stamp had appeared and 24 years after the opening of Canadas first rail-
way,the Province of New Brunswick,-then a separate colony, not yet uni­
ted with Canada,produced a new series of stamps.The one-cent value, show­
ing an imposing view of a 4-4-0 locomotive of the European and North Am­
erican Railway,was the first stamp in the world to show a railway
subject. It is said that the engine was the PRINCE OF WALES,-which was
newly-built to haul the Royal Train of 1860,on the E. & N.R., when the
Prince of Wales,later King Edward VII,visited the North American provin­
ces. After Confederation in 1867,the postage stamps of Canada replaced
those of New Brunswick and the pioneering 4-4-0 disappeared from the let­
ters of eestern Canada. Fortunately however,large supplies of unused st
amps of the Province of New Brunswick came into the hands of collectors ,
at this time and they are still quite common.
For the next sixty years,no trains or engines appeared on
Canadas postage stamps,but in 1927,a special series commemorated the 60
tho Anniversary of Confederation. The orange 2o-cent special delivery st­
amp bore scenes representing transportation, including a modern steam-haul­
ed passenger train, going through the Rocky Mountains. One year later, in
1926,a 5-cent stamp of Newfoundland showed a four-car passenger train,with
a 4-6-2 steam engine as motive power. The whole was labelled Express cro­
ssing Newfoundland. It is interesting to speculate where the perfectly
straight,level double-track might be found on the notoriously curved and
undulating main line of the Newfoundland Railway.
Early in 1929,a new regular issue twenty-cent stamp appeared
in Canada. This bright red and white stamp showed a western prairie scene:
complete with a railway train having an open-end observation car on the
rear and heading in the direction of the distant Rocky Mountains.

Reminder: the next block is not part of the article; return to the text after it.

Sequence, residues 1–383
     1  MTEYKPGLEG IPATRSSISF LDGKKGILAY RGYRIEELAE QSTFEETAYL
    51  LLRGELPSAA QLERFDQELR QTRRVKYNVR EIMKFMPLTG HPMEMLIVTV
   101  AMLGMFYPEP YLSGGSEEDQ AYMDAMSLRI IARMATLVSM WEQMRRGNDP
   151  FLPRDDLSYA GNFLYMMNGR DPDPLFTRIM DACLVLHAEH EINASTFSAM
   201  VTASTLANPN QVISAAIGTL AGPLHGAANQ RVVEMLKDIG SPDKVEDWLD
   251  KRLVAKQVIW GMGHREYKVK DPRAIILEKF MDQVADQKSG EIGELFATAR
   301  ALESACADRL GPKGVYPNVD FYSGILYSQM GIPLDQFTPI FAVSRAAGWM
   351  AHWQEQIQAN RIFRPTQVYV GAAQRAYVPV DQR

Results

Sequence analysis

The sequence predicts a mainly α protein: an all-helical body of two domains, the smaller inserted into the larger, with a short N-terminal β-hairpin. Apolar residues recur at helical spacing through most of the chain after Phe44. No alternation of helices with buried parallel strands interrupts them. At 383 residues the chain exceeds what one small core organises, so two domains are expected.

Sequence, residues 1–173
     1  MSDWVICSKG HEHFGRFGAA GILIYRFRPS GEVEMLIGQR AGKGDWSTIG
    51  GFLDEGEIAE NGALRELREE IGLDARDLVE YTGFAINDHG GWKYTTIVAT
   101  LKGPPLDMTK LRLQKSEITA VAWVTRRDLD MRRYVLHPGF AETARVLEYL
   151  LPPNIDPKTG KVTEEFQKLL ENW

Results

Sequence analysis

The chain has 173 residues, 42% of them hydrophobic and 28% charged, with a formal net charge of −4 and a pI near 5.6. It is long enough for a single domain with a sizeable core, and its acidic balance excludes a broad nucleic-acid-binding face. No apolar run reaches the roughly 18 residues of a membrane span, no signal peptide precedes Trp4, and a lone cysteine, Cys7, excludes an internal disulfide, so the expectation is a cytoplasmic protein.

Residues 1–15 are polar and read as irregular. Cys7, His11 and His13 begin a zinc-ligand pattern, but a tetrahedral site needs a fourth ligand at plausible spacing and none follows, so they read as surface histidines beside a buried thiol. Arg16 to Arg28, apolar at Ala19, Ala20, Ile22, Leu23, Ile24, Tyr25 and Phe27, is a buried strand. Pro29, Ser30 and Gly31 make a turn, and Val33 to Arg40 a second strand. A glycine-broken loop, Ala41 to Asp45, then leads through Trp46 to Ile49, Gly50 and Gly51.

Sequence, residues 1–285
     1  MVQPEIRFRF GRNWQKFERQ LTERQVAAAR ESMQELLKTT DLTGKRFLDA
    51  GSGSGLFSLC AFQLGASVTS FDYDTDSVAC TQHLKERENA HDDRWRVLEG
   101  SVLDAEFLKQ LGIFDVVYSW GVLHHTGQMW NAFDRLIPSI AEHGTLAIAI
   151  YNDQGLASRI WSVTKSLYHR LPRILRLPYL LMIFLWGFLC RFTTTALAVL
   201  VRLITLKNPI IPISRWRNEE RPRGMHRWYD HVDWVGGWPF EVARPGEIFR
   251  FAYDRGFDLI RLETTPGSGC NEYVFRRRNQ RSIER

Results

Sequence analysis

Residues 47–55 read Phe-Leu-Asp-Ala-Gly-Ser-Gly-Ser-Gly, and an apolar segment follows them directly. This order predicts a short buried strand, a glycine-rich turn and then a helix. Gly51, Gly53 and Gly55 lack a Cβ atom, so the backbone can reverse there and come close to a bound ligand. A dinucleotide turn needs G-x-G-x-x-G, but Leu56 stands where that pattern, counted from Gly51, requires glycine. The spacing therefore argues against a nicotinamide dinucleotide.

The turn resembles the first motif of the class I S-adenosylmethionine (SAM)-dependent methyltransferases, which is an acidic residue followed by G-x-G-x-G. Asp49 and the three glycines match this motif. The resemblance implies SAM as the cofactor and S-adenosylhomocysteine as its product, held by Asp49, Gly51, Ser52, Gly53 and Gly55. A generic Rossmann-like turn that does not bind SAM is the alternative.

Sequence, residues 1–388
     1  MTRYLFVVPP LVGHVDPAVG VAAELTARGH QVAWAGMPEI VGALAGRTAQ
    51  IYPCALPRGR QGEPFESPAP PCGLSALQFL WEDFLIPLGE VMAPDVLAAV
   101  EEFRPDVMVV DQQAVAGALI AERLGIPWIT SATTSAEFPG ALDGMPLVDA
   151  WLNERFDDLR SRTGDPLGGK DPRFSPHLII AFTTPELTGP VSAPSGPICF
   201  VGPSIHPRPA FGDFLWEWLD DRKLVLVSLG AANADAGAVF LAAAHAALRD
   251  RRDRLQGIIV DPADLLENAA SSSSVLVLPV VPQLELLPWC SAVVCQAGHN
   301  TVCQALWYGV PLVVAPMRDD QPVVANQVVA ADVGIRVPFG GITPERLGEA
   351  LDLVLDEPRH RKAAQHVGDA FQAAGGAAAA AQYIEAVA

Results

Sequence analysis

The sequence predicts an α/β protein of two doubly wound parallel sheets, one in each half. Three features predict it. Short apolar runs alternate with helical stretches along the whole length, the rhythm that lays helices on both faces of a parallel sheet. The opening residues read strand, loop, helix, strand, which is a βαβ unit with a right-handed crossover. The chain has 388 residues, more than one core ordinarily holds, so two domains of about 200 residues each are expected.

This stamp was discontinued after three years,and then fol­
lowed b further two decades of trainless Canadian stamps. During this
time occurred the Centennial of Canadas Railways and the Government was
petitioned to issue a special stamp in 1936 to commemorate this anniver –
sary. However,it seemed that Ottawa did not then feel that this was of
sufficient importance and no such stamp was ever produced. Eventually in
1951,the Centennial of postage stamps in Canada was commemorated by a
series of four new values,the black 4-cent of which made up for the pre­
vious omission by portraying TWO trains,-one being that of the By town &
Prescott Railway in the 1850s and the other a modern diesel-hauled pas­
senger train of 1951. The latter was a C.P.R. train hauled by a C.N.R.en­
gine! 1963 saw the issuance of a 5-cent commemorative for the 150th. Ah­
niversary of the birth of Sir Casimir Gzowski,and beside the portrait of
the renowned engineer,is a Grand Trunk Railway steam engine of the 1860s.
While these are the only Canadian postage stamps on which
trains or engines are seen,one must not forget the 12-cent variety of 1928
showing the famous ~uebec Bridge, nor the S 1 value of 1946, depicting the
train-ferry S.S.ABEGlllEIT ,on her voyage between New Brunswick and Prince
Edward Island. The 10-cent Macdonald-Cartier commemorative of 1914 was
designed to include an 1860 view of the Victoria Bridge at Montreal, but
the stamp was never released due to the outbreak of iJlor Id Illar I and today
less than half-a-dozen specimens exist.
Now the TURBOTRAIN appears on Canadas mail and,at long last
a train is shown on a stamp of regular issue in nationwide service. May
both it and its protptype enjoy many years of service in the time to come.
As a p.S. to the article by Mr. F.F.Angus,on Railway
Trains on Canadas Stemps,our Director of Membership and Branches,Mr.
J.A.Beatty,asks us to remind the members that the Post Office Depart­
ment of the Government of Canada continues to insist that the follow­
ing information be added to your address,on the envelope of CANADIAN
RAIL and other communications from the Association:
your apartment number,if applicable,and
the postal zone,according to the recently­
established urban divisions.
It sometimes happens that communications not having this information are
returned to the sender as undeliverable because of· insufficient ad­
dress. To avoid this embarassing situation,check the address on this
envelope for CANADIAN RAIL, and write us IMMEDIATELY with the necessary
corrections. Why wait till Spring 7 Do It Now!